You don’t have to use every channel available. Just the ones that convert.
If your audience responds well to email marketing then put your efforts into making those campaigns as personalised, relevant and effective as possible.
In addition to understanding the touchpoints that work for you, use your customer data to tailor the messaging. Remember, you don’t need to appeal to everyone so focus on enticing your ideal customers through your touchpoints.
This gives you the best chance of getting them to your site, and turning them into a customer.
Part of this process is using your data to identify the products that will be of greatest interest. You’ll need to create multiple iterations of your visuals to appeal to different audiences, and split test the messaging to maximise engagement.
The more effort you put into this stage of the process, the easier it will be to convert users once they’re on your website.
While you want to make sure that your communications are personalised, relevant and timely you need to make sure you are contactable too.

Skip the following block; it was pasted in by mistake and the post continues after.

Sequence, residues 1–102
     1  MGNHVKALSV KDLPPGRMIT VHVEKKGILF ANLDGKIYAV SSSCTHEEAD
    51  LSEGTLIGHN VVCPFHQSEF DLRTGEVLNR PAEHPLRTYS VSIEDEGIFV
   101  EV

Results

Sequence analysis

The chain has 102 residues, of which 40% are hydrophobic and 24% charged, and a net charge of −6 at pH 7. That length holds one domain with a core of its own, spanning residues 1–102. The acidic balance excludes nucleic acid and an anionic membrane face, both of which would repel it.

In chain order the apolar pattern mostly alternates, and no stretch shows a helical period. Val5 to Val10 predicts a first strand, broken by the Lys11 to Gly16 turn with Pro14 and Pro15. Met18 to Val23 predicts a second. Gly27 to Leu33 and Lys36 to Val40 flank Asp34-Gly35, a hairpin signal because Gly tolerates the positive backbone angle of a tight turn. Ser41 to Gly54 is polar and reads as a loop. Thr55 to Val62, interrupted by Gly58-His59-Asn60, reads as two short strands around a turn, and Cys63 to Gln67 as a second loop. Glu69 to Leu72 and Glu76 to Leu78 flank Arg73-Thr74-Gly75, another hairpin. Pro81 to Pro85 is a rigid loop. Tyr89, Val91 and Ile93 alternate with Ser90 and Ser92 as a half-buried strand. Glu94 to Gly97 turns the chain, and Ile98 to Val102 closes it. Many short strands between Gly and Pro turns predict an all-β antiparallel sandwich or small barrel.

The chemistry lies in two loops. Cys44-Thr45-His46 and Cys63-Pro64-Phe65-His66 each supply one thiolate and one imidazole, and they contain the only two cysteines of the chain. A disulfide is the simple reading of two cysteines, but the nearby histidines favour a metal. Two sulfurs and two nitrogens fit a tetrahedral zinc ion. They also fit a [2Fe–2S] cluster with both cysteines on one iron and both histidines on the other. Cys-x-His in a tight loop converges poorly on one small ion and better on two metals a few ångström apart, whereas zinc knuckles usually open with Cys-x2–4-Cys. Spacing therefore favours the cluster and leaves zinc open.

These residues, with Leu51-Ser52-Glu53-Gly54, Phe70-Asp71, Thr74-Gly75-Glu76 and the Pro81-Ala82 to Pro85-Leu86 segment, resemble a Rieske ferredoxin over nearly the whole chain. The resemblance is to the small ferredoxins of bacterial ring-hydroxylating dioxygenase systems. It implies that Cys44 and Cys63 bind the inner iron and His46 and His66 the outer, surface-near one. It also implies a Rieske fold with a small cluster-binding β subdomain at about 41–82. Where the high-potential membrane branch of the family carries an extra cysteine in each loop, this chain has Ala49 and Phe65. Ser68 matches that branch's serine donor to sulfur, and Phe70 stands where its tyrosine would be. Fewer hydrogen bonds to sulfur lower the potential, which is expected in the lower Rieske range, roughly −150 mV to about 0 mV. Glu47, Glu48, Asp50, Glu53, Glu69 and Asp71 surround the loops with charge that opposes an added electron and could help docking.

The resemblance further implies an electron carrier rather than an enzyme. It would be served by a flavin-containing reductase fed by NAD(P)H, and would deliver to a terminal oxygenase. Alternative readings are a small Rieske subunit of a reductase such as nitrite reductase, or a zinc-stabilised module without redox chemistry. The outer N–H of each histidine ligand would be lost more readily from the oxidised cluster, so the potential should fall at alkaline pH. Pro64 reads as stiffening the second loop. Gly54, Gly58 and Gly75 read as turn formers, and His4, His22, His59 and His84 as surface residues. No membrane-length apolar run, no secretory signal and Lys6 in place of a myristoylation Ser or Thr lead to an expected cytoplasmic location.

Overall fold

One of the most frustrating things for customers is not being able to communicate with an online business. Especially if there’s a problem.
Provide your customers with as many ways to communicate with you as possible and then make them super easy to find.
Offer users a contact form to complete as well as an email address. A phone number or the option to request a call back also plays well with customers who would rather speak to someone.
Consider leveraging chatbots to interact with your customers. You can link your chatbot to your customer data platform so responses are tailored to each of your customers.
The chatbot can access purchase history so can respond accurately if a customer is trying to return an item. Or it can make relevant product recommendations based on the query it is being asked.